(Image: Diliff. Rumours of a Buckingham Palace tunnel persist despite lack of evidence)
Rumours of top secret tunnels are common to all cities across the United Kingdom, not just London, but tales of one or more escape tunnels from Buckingham Palace are among the most enduring – and unsubstantiated. Some claim the Buckingham Palace tunnels run under Green Park to the Piccadilly Tube line or the nearby Victoria Line, and were supposedly intended to allow royals to escape to Heathrow in times of crisis. Another version says a tunnel runs to Wellington Barracks across the road.
There is, however, no evidence for such tunnels beyond hearsay and, as IanVisits rightly asks, “if you needed to escape from Buckingham Palace in a hurry, would you take a slow train to Heathrow, or take a helicopter to a designated military airfield?” Like Fictional Cities, IanVisits goes on to mention another secret tunnel, Q-Whitehall, which actually does exist.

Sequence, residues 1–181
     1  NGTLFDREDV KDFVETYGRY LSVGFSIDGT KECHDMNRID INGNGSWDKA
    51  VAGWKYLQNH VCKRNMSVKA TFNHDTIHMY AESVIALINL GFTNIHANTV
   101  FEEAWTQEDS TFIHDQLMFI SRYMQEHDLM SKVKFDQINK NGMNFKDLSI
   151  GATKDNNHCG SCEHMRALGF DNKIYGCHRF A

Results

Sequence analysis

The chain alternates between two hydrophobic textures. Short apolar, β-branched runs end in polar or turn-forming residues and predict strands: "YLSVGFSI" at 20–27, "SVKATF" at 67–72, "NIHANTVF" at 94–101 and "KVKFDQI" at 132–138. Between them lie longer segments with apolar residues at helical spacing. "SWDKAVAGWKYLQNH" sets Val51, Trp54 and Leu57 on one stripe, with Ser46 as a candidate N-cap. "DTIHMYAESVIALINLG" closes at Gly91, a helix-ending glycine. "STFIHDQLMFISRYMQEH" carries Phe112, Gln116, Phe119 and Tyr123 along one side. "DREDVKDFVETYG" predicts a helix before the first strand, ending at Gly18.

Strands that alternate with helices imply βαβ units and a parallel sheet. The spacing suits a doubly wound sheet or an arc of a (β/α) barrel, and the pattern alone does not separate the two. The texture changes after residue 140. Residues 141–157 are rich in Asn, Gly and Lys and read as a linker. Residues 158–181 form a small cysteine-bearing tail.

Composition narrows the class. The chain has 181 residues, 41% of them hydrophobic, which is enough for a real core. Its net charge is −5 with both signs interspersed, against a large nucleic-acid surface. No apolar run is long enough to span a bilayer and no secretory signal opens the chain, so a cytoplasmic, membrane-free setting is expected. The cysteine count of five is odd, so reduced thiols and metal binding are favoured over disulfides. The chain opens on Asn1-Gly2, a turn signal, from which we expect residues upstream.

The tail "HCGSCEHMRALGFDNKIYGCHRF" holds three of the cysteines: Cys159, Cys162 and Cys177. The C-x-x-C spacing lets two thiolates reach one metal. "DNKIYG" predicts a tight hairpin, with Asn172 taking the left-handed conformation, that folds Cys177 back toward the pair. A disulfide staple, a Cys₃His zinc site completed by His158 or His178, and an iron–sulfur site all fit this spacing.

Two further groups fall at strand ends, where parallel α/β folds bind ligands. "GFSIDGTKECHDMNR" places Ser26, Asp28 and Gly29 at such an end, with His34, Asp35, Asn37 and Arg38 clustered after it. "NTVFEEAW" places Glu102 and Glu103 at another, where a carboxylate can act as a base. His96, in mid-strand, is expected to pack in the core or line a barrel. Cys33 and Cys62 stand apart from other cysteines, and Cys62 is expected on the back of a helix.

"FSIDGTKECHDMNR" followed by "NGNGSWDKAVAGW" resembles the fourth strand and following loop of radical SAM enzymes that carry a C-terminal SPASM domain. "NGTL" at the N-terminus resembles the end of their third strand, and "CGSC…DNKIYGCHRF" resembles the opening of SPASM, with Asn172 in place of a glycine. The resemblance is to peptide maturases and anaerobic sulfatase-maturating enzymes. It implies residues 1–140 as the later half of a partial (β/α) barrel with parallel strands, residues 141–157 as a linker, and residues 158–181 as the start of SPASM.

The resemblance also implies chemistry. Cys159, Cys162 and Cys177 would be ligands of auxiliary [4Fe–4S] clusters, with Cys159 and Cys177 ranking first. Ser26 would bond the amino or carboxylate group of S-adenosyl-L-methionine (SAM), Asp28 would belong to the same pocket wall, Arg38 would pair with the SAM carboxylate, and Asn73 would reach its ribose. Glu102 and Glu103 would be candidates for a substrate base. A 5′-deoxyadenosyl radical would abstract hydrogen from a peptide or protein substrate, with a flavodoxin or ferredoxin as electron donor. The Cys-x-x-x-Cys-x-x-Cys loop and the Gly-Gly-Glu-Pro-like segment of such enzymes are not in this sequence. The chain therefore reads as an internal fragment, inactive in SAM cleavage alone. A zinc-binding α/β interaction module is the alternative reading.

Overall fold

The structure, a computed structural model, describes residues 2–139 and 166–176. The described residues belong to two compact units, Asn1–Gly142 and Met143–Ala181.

(Image: J Woods)
But where, assuming the tales are indeed completely unfounded, did the rumours of escape tunnels under Buckingham Palace spring from? Well, who knows… But such tales are hardly unique across the UK.
Some have suggested that such rumours are a modern retelling of centuries-old urban legends concerning secret passages and buried treasure. But even without such fantastical elements as hidden riches, rumoured escape tunnels have endured in the oral tradition for hundreds of years.
Tales of tunnels linking medieval castles to nearby manor houses and passageways carved through sold rock to help monks escape persecution during the Reformation seem to have given way to Cold War nuclear bunkers not yet revealed, escape tunnels connecting royals and VIPs to transport hubs, and any other hidden subterranean that may or may not have any basis in fact.
Tales of tunnels and secret passages are fun (we’re huge fans of them at Urban Ghosts!), at times compelling. And there’s no doubt that some do exist, and others may well be revealed in the future. But the Buckingham Palace tunnels will most likely remain firmly in the annals of urban legend.